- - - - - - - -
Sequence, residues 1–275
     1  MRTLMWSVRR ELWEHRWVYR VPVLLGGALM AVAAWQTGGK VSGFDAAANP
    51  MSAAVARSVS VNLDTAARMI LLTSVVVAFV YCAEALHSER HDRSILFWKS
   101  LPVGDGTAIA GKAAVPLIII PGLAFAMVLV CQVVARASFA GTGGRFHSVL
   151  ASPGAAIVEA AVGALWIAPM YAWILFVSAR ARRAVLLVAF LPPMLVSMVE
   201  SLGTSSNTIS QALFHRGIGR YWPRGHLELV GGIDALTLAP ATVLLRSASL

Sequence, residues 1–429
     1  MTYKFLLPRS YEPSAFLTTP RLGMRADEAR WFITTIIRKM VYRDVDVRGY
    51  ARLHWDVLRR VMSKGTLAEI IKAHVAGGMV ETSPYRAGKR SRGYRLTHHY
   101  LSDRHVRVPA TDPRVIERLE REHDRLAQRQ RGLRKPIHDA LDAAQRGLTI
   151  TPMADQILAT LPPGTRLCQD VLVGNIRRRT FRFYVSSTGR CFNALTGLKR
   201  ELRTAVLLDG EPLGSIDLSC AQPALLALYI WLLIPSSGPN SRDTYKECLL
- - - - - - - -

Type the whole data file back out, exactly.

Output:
Sequence, residues 1–275
     1  MRTLMWSVRR ELWEHRWVYR VPVLLGGALM AVAAWQTGGK VSGFDAAANP
    51  MSAAVARSVS VNLDTAARMI LLTSVVVAFV YCAEALHSER HDRSILFWKS
   101  LPVGDGTAIA GKAAVPLIII PGLAFAMVLV CQVVARASFA GTGGRFHSVL
   151  ASPGAAIVEA AVGALWIAPM YAWILFVSAR ARRAVLLVAF LPPMLVSMVE
   201  SLGTSSNTIS QALFHRGIGR YWPRGHLELV GGIDALTLAP ATVLLRSASL

Sequence, residues 1–429
     1  MTYKFLLPRS YEPSAFLTTP RLGMRADEAR WFITTIIRKM VYRDVDVRGY
    51  ARLHWDVLRR VMSKGTLAEI IKAHVAGGMV ETSPYRAGKR SRGYRLTHHY
   101  LSDRHVRVPA TDPRVIERLE REHDRLAQRQ RGLRKPIHDA LDAAQRGLTI
   151  TPMADQILAT LPPGTRLCQD VLVGNIRRRT FRFYVSSTGR CFNALTGLKR
   201  ELRTAVLLDG EPLGSIDLSC AQPALLALYI WLLIPSSGPN SRDTYKECLL